Numerous studies have shown that Hispanics are grossly underrepresented in U.S. media, especially television. Although they comprise almost 19% of the U.S. population (2020 U.S. Census) Hispanics make up just 2.9% of lead roles in primetime TV and streaming programs, per a 2021 UCLA study.
And it hasn’t gone unnoticed. Kantar’s U.S. MONITOR finds Hispanic consumers crave content tailored specially to them, including 8 out of 10 Hispanic viewers who believe that there should be more content directed towards culturally diverse audiences.
Noticing the gap in current media, Hispanic creators have taken matters into their own hands and created platforms that are culturally relevant for Hispanic audiences. In 2021 digital publisher mitú launched Latido Music, a free 24-hour linear and on-demand television channel for Latin music fans, while Remezcla, considered the most influential media brand for Latino Millennials, was created to showcase stories about Latin music, culture and events that are overlooked by other media outlets.
Tailored offerings such as these may help explain why a higher portion of Hispanics are involved with streaming TV and music when compared to the rest of the population.
Kantar U.S. MONITOR 2022 (Q1 DEI)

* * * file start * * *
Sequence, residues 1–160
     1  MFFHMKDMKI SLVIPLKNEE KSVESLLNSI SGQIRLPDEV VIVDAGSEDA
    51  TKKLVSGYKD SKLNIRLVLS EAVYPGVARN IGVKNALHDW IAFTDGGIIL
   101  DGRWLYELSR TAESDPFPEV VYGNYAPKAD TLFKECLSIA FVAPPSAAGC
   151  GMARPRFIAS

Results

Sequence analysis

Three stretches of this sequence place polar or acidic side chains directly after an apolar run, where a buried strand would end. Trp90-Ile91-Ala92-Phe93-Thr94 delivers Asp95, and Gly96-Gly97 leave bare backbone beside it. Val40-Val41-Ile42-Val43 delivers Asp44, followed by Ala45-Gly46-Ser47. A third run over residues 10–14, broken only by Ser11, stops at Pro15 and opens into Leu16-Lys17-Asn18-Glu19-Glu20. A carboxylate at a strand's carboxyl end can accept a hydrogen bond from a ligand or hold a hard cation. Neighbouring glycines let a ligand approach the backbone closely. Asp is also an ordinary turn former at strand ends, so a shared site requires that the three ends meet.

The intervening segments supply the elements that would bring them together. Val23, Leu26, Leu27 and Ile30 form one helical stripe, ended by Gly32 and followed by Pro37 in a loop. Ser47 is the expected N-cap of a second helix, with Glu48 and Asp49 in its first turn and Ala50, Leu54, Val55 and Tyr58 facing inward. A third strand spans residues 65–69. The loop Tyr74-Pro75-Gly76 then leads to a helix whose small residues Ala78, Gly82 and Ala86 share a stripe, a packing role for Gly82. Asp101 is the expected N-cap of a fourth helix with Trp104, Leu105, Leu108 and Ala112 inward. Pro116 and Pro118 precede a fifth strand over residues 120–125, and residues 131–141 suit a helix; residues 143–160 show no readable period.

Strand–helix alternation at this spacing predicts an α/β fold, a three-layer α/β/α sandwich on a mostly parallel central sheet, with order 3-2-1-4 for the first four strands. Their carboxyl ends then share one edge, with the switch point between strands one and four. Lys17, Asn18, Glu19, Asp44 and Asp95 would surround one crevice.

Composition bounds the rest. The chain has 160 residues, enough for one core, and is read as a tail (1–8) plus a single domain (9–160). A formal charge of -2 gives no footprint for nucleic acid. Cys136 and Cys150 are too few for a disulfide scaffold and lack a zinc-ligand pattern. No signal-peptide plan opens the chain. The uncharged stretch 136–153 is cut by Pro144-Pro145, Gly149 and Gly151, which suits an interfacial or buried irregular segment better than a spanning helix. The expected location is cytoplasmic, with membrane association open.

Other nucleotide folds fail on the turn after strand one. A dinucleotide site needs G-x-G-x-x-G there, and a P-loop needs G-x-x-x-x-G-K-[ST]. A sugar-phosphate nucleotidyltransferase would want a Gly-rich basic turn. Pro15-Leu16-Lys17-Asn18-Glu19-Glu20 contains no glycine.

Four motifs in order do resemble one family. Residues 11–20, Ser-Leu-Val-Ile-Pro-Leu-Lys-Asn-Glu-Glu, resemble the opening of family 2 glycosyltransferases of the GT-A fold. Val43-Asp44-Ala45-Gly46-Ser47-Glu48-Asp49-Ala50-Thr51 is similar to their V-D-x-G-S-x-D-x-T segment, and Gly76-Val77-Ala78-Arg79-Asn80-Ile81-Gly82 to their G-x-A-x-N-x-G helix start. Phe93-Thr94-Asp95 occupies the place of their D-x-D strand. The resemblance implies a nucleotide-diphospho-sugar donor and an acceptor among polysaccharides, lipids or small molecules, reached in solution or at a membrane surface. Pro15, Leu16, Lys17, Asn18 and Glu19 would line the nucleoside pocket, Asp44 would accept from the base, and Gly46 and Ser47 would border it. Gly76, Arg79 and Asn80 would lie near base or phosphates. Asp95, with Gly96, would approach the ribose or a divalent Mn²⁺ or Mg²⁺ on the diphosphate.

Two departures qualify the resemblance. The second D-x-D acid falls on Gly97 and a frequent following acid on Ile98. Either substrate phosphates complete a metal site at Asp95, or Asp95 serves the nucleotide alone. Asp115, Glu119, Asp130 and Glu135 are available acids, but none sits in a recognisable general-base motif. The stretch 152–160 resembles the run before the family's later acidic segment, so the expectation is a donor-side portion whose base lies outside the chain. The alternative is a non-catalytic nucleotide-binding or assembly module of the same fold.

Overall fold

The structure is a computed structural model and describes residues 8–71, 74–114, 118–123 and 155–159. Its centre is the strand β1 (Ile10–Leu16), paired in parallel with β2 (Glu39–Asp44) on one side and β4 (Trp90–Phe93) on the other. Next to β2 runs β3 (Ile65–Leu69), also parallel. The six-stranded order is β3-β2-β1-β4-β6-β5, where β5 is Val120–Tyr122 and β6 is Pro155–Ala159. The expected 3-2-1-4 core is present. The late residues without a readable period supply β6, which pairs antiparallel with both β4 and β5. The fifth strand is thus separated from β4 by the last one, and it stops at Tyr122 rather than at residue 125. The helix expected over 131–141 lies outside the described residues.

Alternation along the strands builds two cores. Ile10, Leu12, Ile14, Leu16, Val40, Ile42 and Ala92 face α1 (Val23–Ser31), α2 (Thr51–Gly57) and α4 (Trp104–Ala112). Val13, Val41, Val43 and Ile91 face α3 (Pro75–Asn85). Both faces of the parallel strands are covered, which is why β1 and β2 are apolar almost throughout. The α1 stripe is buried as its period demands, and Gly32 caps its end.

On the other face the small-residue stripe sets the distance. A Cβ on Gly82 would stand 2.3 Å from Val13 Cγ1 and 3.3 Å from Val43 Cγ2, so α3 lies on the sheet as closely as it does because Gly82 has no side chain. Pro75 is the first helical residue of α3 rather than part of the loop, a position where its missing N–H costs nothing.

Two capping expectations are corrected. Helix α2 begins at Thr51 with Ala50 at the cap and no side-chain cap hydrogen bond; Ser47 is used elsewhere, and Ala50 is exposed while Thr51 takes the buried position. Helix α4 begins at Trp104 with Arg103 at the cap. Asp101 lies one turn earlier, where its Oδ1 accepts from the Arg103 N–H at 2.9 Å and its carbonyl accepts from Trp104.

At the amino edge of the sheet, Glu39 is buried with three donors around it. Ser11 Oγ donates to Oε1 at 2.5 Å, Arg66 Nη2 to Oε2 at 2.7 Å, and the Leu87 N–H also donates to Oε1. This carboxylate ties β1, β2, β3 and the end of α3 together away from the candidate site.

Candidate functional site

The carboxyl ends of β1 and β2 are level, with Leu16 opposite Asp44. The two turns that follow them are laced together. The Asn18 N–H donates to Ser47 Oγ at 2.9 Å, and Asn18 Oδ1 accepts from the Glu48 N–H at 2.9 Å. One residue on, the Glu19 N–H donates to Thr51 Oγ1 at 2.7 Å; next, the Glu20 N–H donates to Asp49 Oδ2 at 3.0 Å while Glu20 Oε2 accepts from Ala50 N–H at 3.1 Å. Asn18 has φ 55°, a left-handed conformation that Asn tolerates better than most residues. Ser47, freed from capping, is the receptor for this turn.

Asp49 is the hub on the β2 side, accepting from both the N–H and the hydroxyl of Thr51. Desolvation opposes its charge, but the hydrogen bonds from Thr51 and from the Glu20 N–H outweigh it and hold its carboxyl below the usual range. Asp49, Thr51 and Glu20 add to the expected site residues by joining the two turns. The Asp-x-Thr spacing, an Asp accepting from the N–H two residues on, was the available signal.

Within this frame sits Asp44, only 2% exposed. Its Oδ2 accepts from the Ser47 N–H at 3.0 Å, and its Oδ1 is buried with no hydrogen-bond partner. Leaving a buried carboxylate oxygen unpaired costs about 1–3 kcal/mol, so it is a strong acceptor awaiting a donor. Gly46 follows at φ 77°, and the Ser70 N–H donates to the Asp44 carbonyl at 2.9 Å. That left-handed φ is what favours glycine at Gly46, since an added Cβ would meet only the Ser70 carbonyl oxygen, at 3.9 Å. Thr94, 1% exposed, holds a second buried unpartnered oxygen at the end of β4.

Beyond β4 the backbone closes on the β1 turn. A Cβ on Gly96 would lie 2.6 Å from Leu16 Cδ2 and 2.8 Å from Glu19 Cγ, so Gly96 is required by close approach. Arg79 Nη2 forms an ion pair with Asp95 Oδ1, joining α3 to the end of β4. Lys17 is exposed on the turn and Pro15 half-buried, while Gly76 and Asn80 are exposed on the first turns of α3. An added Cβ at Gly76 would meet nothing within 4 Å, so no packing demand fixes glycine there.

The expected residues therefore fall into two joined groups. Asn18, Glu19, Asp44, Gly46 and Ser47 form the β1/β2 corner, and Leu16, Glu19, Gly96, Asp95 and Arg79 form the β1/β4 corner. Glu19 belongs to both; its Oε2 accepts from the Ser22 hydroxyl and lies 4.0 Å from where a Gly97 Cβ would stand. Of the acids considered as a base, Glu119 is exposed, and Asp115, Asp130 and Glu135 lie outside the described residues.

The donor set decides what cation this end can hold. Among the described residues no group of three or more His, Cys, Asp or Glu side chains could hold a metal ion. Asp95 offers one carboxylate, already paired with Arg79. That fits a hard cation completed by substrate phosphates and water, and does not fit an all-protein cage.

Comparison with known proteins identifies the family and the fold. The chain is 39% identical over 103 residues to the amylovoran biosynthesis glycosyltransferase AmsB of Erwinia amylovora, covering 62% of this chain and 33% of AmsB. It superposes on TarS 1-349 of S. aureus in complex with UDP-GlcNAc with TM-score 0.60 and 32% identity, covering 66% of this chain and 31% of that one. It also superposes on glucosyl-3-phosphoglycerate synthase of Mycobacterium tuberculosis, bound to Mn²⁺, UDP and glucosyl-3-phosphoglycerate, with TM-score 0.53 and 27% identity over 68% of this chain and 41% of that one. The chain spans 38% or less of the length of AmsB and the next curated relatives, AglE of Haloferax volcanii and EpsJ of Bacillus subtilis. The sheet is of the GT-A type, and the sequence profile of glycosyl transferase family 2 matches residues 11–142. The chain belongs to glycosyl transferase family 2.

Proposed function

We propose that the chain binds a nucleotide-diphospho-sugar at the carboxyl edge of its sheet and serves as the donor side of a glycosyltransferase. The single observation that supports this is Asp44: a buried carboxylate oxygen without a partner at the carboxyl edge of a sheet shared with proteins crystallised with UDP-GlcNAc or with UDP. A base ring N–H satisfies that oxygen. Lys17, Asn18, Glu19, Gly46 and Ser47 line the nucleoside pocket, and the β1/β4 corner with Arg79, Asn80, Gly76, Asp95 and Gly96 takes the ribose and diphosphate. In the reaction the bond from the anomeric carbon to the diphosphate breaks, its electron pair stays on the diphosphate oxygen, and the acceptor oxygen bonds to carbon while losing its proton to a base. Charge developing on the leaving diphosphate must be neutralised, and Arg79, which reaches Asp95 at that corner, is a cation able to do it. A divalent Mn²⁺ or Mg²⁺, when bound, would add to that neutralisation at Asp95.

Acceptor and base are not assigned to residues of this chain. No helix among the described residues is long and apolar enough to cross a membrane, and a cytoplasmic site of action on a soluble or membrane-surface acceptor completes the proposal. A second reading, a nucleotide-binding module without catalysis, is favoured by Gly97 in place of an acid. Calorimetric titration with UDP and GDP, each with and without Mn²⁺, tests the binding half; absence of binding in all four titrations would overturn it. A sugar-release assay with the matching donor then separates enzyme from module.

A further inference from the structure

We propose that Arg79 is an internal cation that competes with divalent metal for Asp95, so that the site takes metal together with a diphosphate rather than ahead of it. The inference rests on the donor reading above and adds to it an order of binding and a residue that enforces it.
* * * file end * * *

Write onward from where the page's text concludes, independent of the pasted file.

Nonetheless, the sizeable gap in Hispanic representation on U.S. television persists and is unlikely to close without concerted efforts by media companies—a pursuit that makes sense not only from a diversity, equity and inclusion standpoint but also a business perspective.
Hispanics consumers are highly sought after by advertisers. As of 2020 Hispanics accounted for more than half of the population growth in the United States and are projected to increase to nearly 28% of the total population by 2060 according to the Census Bureau. They also represent significant and growing buying power. The University of Georgia’s Terry College of Business reports that Hispanics accounted for $1.9 trillion in buying power in 2020—more than 11% of total U.S. buying power that year—and projected to increase to $2.6 billion by 2025.
Unless media companies take strong steps to attract Hispanic viewers via Hispanic-focused content and creators, they risk losing more ground with these audiences, especially younger people who are forming their content-viewing habits, and in turn may miss out on advertising dollars earmarked by brands to engage Hispanic consumers.